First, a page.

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| 6 ft 0 in (1.83 m)|
180 lb (82 kg)
|Teams|| New Jersey Devils|
Tampa Bay Lightning
Toronto Maple Leafs
|Born|| November 4 1970,|
North Battleford, SK, CAN
|NHL Draft|| 200th overall, 1990|
New Jersey Devils
|Pro Career||1995 – 2004|
Corey Schwab (born November 4, 1970 in North Battleford, Saskatchewan) is a former Canadian professional ice hockey goalie. He was drafted 200th overall in the 1990 NHL Entry Draft by the New Jersey Devils. He made his NHL debut in the 1995–1996 season for the New Jersey Devils. In 1996, he was traded to the Tampa Bay Lightning. He played for Tampa Bay until he was claimed in the 1999 NHL Expansion Draft by the Atlanta Thrashers. However, he was traded to the Vancouver Canucks before he could play with Atlanta. He played only six games with Vancouver before being sent to the minors. In 2001, he was signed as a free agent with the Toronto Maple Leafs and he played the 2001–02 season behind Curtis Joseph. In 2002, he signed as a free agent with the New Jersey Devils. Corey Schwab appeared in 14 regular season games for the Devils between 2002 and 2004 and in 2 games in the 2003 playoffs. His name was engraved on the Stanley Cup with the Devils in 2003.
During the 2003–04 NHL season, Schwab missed 55 regular season games due to injury, including the Devils' final 38 games, and it was due to such injuries that he officially retired from the NHL on August 12, 2005. Schwab's final game was played on January 17th, 2004 where he posted a 2–1 overtime victory over the Washington Capitals. Schwab finished his career having played in 147 regular season NHL games amassing 43 wins, 63 losses and 13 ties with a goals against average of 2.89, a save percentage of .896, and 6 shutouts. Schwab only appeared in 40 minutes of postseason action over 3 games with the Maple Leafs and Devils stopping all 13 shots he faced. He is a winner of the Jack A. Butterfield Trophy and the Harry "Hap" Holmes Memorial Award.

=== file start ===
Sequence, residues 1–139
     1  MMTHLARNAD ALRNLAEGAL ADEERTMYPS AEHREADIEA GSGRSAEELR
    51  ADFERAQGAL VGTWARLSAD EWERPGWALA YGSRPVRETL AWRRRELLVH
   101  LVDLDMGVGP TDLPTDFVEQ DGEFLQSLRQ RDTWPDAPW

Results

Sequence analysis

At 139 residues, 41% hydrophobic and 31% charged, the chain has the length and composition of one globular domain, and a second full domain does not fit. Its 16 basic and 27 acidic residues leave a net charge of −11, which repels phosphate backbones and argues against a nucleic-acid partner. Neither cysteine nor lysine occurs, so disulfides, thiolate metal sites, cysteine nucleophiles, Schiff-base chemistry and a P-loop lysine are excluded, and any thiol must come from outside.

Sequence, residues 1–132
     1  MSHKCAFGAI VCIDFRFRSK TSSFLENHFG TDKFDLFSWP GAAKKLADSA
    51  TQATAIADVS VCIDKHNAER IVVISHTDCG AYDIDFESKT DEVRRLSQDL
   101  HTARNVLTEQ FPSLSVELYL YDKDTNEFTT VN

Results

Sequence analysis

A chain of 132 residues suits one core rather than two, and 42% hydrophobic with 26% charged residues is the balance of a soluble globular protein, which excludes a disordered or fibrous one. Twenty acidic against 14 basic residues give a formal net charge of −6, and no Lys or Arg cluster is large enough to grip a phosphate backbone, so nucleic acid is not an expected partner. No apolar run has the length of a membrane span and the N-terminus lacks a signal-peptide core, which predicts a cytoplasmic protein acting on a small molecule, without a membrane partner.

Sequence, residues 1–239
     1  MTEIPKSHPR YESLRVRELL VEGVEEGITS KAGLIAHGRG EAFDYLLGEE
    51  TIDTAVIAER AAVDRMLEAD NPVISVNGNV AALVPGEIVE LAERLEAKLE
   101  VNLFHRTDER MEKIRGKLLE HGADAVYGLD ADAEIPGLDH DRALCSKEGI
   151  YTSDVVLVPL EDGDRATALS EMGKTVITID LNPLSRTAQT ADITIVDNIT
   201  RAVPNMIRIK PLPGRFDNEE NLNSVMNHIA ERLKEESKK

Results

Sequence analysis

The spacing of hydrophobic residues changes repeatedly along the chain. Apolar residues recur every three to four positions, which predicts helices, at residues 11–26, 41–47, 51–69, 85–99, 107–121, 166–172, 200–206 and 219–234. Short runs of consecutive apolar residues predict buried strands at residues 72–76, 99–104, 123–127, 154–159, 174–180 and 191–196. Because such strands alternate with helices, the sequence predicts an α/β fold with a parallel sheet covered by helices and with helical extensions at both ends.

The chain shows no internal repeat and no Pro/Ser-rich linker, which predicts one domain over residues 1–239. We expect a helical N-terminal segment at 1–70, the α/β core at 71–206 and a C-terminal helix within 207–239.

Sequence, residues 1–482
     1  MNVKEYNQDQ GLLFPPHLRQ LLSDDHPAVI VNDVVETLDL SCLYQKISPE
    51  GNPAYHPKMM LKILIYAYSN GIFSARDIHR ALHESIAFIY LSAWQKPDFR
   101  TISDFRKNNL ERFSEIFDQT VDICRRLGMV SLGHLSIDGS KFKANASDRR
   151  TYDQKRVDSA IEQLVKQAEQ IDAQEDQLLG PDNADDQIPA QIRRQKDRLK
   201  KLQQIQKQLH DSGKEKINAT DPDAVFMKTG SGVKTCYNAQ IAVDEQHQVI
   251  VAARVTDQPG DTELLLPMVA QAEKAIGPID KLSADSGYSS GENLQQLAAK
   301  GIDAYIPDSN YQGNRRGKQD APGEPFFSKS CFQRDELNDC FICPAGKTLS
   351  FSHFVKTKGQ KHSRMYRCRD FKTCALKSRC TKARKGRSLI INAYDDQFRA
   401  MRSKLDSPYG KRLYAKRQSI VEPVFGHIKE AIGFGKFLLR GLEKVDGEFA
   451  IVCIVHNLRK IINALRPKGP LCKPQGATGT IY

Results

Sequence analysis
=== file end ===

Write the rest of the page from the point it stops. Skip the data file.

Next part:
He is currently the goaltending development coach for the San Jose Sharks.
|This page uses content from Wikipedia. The original article was at Corey Schwab. The list of authors can be seen in the page history. As with Ice Hockey Wiki, the text of Wikipedia is available under the Creative Commons Attribution-Share Alike License 3.0 (Unported) (CC-BY-SA).|